2023 recap: At times, Carter has looked exactly like the player that the team traded up to select with the No. 9 overall pick. His first-step quickness and pass-rush repertoire are frequently too much for interior defenders. Carter somewhat cooled down during the final stretch of the season, but the results have still been noteworthy. His 15.7% pass rush win rate ranked second among rookies and 36th in the league.

2024 outlook: With Eagles veteran Fletcher Cox scheduled to become a free agent in the offseason, it’s fair to expect an expanded role for Carter during his second season if Cox doesn’t return. Carter is a clear building block for the Eagles moving forward and helps keep the team’s identity of being strong in the trenches intact. He is without question a disruptive force in the middle, but the flashes of positive play will need to become more consistent in a full-time role. — Reid

det

Stats: 86 catches, 889 receiving yards, 10 TDs
Drafted: No. 34 overall

2023 recap: From his first game, LaPorta established himself as a reliable part of the Lions’ offense, catching all five targets in his debut. He finished the season by setting the NFL record for most receptions in a season by a rookie tight end.

LaPorta led the league in third-down targets among tight ends (39) and in tight end receptions (10) and receiving yards (110) in tight-window targets, underscoring quarterback Jared Goff‘s trust in the rookie. LaPorta didn’t score his first touchdown until Week 3, but he finished with 10 scores and earned a Pro Bowl nod.

2024 outlook: Though he entered the playoffs with a knee injury sustained in Week 18, LaPorta picked right up where he left off in the regular season with a touchdown in Detroit’s first home playoff victory since the 1991 season. The Lions are an ascending team, and LaPorta will be a focal point of their future success. — Pryor

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Stats: 79 tackles, 3 sacks, 1 forced fumble, 1 INT, 1 defensive TD, 12 pass breakups
Drafted: No. 5 overall

2023 recap: Witherspoon quickly lived up to his status as the first cornerback drafted with shutdown ability. He collected one interception, which he ran back 97 yards for a touchdown, while limiting opposing quarterbacks to a completion percentage of 60.5% with 16 passes defensed. Witherspoon emerged as not just the best rookie cornerback but also one of the best pure cover players in the league.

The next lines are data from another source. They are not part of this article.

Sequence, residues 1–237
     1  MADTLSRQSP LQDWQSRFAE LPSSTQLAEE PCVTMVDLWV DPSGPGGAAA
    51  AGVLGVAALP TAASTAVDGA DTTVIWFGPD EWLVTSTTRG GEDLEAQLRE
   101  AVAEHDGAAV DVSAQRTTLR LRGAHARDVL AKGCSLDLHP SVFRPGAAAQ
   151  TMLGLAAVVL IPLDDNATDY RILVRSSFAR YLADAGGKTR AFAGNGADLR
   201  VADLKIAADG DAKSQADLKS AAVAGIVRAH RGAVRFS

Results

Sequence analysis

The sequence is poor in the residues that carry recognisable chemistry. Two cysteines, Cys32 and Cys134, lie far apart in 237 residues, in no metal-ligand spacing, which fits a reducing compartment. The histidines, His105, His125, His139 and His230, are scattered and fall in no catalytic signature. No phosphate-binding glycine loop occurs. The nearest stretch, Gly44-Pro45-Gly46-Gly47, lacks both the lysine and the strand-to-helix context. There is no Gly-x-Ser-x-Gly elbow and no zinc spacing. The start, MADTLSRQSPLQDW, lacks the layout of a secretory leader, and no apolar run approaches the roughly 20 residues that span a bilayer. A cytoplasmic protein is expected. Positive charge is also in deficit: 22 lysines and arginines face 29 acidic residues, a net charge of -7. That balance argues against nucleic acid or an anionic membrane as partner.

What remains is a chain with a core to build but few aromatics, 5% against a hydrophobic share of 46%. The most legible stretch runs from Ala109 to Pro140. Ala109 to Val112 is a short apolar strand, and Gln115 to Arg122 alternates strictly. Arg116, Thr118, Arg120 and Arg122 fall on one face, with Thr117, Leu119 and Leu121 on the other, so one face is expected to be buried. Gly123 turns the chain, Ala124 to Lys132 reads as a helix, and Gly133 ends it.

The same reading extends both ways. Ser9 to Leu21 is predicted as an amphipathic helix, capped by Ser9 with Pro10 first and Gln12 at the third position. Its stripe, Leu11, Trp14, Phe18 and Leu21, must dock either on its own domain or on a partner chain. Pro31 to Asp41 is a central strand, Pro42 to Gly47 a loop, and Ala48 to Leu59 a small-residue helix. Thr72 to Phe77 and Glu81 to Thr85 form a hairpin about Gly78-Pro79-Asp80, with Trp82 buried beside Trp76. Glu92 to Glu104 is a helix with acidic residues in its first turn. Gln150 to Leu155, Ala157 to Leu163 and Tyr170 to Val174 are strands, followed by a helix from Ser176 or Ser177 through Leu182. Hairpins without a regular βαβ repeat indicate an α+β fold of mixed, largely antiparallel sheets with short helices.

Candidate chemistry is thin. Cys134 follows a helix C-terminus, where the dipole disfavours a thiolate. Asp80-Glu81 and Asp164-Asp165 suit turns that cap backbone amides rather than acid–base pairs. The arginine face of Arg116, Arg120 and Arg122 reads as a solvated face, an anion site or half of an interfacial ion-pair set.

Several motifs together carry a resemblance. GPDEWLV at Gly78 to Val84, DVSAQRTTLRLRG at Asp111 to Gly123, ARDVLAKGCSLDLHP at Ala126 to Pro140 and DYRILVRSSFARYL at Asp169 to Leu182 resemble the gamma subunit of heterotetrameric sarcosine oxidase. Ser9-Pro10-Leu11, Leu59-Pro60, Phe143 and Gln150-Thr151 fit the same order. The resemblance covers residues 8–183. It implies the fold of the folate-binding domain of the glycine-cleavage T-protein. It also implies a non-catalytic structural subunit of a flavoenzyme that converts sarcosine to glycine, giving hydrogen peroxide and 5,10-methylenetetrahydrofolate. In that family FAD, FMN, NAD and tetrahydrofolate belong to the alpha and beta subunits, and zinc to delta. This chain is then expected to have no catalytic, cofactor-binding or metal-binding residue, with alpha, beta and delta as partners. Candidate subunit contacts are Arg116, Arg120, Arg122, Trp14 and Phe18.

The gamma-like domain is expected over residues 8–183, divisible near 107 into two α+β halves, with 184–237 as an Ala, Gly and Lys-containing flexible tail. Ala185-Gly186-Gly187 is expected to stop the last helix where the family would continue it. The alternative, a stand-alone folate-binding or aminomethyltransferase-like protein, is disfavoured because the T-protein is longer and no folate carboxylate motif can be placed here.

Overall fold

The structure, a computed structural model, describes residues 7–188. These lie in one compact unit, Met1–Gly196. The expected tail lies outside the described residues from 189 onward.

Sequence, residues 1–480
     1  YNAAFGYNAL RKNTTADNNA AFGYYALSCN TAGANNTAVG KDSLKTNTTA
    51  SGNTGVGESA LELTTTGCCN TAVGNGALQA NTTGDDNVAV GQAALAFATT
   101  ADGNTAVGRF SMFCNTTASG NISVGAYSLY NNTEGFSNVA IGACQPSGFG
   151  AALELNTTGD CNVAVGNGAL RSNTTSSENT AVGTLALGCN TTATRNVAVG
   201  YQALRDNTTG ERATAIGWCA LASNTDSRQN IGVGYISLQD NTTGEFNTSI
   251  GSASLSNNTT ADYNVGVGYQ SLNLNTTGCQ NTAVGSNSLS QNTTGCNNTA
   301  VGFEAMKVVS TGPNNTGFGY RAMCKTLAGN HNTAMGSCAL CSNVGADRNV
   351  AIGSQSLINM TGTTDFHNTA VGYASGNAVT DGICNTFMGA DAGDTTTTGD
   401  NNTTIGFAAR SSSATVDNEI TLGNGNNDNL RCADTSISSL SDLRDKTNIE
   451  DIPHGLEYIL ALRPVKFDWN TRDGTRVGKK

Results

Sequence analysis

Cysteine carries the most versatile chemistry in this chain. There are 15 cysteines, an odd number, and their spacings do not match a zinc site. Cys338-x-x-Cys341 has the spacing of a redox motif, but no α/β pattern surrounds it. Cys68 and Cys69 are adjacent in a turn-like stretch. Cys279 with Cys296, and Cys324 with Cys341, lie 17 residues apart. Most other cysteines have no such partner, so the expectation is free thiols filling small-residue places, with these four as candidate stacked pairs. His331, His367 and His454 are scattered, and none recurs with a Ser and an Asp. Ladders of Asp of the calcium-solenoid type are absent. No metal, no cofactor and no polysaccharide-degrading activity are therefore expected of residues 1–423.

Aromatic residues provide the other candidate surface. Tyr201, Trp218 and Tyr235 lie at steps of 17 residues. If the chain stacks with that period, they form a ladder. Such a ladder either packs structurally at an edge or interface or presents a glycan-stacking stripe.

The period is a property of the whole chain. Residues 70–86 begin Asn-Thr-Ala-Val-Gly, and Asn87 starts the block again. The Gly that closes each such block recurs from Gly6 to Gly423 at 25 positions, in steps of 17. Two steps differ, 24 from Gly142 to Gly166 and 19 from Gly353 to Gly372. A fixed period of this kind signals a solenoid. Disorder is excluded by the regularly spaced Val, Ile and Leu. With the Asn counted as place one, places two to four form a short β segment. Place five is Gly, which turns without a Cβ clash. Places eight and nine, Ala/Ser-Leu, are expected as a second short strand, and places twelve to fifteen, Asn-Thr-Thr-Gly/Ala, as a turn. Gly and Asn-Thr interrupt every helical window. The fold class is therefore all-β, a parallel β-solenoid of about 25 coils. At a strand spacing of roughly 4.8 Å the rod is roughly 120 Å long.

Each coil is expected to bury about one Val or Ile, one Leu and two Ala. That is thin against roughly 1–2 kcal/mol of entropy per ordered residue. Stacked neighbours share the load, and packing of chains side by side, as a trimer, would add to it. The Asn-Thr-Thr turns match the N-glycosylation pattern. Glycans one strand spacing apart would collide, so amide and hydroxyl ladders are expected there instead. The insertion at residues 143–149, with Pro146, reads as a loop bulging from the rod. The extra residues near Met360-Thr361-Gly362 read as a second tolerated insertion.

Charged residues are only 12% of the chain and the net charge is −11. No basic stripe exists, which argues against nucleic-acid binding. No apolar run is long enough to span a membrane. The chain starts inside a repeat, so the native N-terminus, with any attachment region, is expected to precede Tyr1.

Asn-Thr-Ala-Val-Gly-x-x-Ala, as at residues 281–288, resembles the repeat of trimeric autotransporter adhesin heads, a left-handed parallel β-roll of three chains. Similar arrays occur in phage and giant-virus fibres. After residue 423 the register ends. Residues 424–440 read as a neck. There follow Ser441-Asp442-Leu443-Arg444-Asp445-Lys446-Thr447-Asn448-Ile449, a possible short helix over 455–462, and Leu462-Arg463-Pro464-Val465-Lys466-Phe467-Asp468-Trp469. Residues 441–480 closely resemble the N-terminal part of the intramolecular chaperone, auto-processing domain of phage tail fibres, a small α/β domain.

2024 outlook: We saw 2022 draftee Riq Woolen collect six interceptions in his rookie season before struggling at times in 2023, so there’s reason for caution as Seattle moves on from the Pete Carroll era defensively. That said, Witherspoon was my top-ranked corner in the ’23 draft class for good reason. He has the agility, toughness and instincts to become one of the NFL’s top cornerbacks in his sophomore season. — Miller

hou

Stats: 45 tackles, 7 sacks
Drafted: No. 3 overall

2023 recap: Anderson’s pass rush win rate of 25.8% ranked third in the league, behind only Micah Parsons and Myles Garrett. Anderson plays a disruptive role for DeMeco Ryans’ defense and currently is one of the top candidates for Defensive Rookie of the Year. His first-step quickness, power and active hands put him in a position to attack the pocket. He’s a developing force with a high ceiling.

2024 outlook: Since Anderson is playing in a defensive system that will create pass-rush matchups from multiple fronts, I fully expect him to produce double-digit sacks in ’24. Ryans can set him up on schemed one-on-ones, while also maximizing his traits off twists and stunts to generate hits on the quarterback. — Bowen

det

Stats: 182 carries, 945 rushing yards, 10 rushing TDs; 52 catches, 316 receiving yards, 1 receiving TD
Drafted: No. 12 overall